Fornari’s Favorites 2009
C.L. Fornari is a speaker, writer, radio talk show host and gardening consultant
gardening, speaking, lectures, writer, plants, annuals, perennials, shrubs, garden advice, gardens, Cape Cod, radio, gardenlady, garden lady
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Fornari’s Favorites 2009

Articles by C.L. Fornari

It’s tough to pick my favorites this year… so many things have done so well. I’m like the “very old man” in Wanda Gag’s book, Millions of Cats. This old man goes out to find the perfect cat for his wife, and ends up in a place where there are “hundreds of cats, thousands of cats, millions and billions and trillions of cats.” He decides to only take the prettiest, and “Before he knew it, he’d chosen them all.”

Me too. If I get started on picking the prettiest and the best, before you know it, I’ll have chosen every single plant in my garden.

So I’ve chosen just a few, and decided that this year I’d focus on one perennial, and why it’s been a fantastic addition to the garden from April through September.

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‘Snow Princess’, at the top of this photo, is think and vigorous, even in September when the seeded alyssum is thin and lanky.

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Be sure that you plant ‘Snow Princess’ alyssum in a place where it has room to spread, or in a container with equally vigorous plants. ‘Snow Princess’ is no shrinking violet!

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Illusion ‘Midnight Lace’ won’t overwhelm a pot or window box like other sweet potato vines will.

First, let me talk annuals. I’ve loved several this summer, but I am especially enthusiastic about the following four.

Alyssum ‘Snow Princess’ (Lobularia) If you think that all alyssum are alike, think again. I foolishly planted three of these Proven Winner alyssums in the back of the garden, thinking, “It’s an alyssum, how great can it be?”

It is a great plant and then some. ‘Snow Princess’ is vigorous but compact. Take a look at the photos I took that show the Proven Winner’s plant behind some alyssum I grew from seed. The ‘Snow Princess’ is still fresh, green and flower-filled in September, while the seed grown plant is stemmy and sprawling. No contest.

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Although the Illusion Ipomoeas won’t take over a container, it is thick and full enough to make a great ground cover or bedding plant. This planting was at Pleasant View Nurseries in New Hampshire.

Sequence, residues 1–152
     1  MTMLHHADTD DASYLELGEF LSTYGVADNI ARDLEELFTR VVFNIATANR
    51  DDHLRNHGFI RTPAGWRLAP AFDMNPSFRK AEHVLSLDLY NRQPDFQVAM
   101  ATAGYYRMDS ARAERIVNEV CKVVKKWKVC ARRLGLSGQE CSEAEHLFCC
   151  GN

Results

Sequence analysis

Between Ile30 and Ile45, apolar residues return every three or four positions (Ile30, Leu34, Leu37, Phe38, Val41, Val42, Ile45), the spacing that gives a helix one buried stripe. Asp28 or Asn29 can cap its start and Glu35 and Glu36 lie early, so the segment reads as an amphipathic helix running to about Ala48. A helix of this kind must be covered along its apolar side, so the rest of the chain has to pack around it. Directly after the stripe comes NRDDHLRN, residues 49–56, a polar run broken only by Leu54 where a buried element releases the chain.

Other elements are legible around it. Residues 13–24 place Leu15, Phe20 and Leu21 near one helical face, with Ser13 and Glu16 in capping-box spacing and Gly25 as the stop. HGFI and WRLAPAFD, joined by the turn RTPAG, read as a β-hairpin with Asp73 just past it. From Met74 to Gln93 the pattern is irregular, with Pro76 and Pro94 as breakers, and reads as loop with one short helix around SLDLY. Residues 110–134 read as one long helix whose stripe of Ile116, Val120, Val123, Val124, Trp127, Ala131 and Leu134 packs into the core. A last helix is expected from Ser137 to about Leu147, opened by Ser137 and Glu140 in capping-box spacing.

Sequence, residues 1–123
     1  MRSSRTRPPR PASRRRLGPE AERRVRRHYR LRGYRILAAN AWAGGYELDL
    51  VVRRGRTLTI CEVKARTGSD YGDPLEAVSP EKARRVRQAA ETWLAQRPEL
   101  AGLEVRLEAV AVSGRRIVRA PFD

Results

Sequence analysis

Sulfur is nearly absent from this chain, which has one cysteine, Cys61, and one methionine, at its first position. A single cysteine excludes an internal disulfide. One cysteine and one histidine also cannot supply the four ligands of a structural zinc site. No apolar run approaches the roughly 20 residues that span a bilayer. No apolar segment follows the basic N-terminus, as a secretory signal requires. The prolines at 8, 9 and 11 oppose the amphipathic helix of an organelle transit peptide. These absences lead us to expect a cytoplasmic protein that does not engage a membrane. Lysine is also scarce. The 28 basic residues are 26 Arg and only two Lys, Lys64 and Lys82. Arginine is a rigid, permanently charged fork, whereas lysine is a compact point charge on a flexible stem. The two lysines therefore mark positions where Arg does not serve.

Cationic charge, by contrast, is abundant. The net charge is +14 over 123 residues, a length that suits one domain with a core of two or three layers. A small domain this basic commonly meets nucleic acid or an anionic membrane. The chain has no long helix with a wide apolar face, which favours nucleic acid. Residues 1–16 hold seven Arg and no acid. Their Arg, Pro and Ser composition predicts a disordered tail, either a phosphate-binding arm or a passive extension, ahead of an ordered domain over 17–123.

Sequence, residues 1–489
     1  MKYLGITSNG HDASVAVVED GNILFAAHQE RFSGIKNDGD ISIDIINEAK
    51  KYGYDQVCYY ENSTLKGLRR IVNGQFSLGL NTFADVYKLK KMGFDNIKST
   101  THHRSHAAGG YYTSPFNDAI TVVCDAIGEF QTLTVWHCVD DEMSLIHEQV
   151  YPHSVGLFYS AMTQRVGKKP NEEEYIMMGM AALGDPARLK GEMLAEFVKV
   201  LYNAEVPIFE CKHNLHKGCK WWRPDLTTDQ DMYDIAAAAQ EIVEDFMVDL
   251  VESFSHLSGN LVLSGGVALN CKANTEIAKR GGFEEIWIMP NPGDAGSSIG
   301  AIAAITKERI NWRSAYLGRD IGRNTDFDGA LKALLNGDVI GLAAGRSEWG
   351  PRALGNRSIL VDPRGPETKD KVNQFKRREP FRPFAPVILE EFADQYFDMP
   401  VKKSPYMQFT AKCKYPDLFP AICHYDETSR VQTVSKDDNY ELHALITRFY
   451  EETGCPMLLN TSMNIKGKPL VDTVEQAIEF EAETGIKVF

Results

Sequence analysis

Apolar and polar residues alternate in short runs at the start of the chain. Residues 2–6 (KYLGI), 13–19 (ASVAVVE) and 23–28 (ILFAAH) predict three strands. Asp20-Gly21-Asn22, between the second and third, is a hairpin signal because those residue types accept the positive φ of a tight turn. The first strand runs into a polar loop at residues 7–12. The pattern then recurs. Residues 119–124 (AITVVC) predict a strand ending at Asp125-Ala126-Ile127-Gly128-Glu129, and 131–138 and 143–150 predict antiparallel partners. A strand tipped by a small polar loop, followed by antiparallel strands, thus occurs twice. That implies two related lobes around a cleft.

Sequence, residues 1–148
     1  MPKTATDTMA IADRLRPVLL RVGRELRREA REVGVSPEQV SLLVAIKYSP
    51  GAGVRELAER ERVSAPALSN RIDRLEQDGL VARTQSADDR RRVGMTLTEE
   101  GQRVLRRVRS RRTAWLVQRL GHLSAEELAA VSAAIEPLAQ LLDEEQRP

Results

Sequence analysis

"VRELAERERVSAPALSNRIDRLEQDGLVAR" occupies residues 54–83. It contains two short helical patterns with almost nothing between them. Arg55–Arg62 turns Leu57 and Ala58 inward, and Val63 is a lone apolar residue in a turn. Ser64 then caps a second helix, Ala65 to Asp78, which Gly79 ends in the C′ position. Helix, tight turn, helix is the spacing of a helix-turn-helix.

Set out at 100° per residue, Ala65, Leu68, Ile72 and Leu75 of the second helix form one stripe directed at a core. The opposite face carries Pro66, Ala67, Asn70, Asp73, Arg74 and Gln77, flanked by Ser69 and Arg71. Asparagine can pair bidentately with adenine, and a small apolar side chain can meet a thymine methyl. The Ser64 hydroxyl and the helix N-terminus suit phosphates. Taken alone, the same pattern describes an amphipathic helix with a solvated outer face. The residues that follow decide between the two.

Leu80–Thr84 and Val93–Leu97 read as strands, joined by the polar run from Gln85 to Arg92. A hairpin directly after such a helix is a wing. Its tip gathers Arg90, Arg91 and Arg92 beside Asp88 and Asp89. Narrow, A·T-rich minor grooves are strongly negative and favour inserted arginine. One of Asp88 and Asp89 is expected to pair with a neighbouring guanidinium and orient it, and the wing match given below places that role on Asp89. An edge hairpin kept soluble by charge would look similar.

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I love all of the Fusion series of impatiens, but over all the others, ‘Peach Frost’ won my heart this year. A neat round mound of growth, variegated foliage and peach flowers with a coral throat. Yummy.

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I’ve always said that you can never go wrong with purple and see? I was right.

The other plant I’ve loved from Proven Winners is the Illusion ‘Midnight Lace’ sweet potato vine. The cut-leaf foliage is a bit lighter, yes, more lacy, than ‘Blackie’ and ‘Marguerite’, the gold-standard plants in this genus so far. I found that ‘Midnight Lace’ isn’t quite as vigorous, and thank goodness, because it doesn’t overwhelm a container like the originals do. And yet, as the photo taken at Pleasantview Nursery shows, this sweet potato vine makes a great annual ground cover.

I am also completely smitten by the Fusion ‘Peach Frost’ impatiens from the Simply Beautiful line from Ball Horticulture. This is the perfect plant to lighten up shady beds, because the foliage is variegated and the peach flowers beautiful. I used ‘Peach Frost’ around dormant bleeding hearts and I was happy from July 4th through September.

Another Simply Beautiful plant that captured my heart is the ‘Purple Flash’ ornamental pepper in this line. A group of Master Gardeners from Michigan recently visited my gardens, and this pepper was the plant they asked about most. It grew 15” in my garden, and as wide as it was tall. The dark foliage alone is an asset in gardens, and add to that the lavender flowers and the “purple flash” of light violet foliage and the round, black peppers, and you’ve got a winning plant.

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Early in the springtime, the foliage of ‘Pinot Gris’ is brighter and more colorful than most flowers.

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In mid-May ‘Pinot Gris’ has foliage that is still coral and sunshine.

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As the pale pink flowers emerge the combination of the lacy blooms and the round, colorful foliage is the perfect companion for Nepeta ‘Six Hills Giant’

My final favorite for 2009 is a perennial. Heuchera ‘Pinot Gris’ caught my eye last year in early May because the foliage had a coral tint. At the time I was planting a coral/blue/yellow/white themed garden, and this seemed a great addition because the foliage kept it’s color all summer.

This year, it’s second season in the entry garden, this Heuchera has really strutted its stuff. I’ve included several photos here to show you how this plant changes over the season and yet continues to bloom for such a long time.

Since it was so difficult to zero in on my favorites this year, I think I just might have to make this a biannual or quarterly feature here. Before I knew it, I’d chosen them all.

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In mid-summer, ‘Pinot Gris’ starts losing the coral colors in the leaves, and becomes a combination of silver and golden tan.

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This photograph was taken on September 16th, and you can see that ‘Pinot Gris’ is continuing to make new, pale pink flowers even late in the season.

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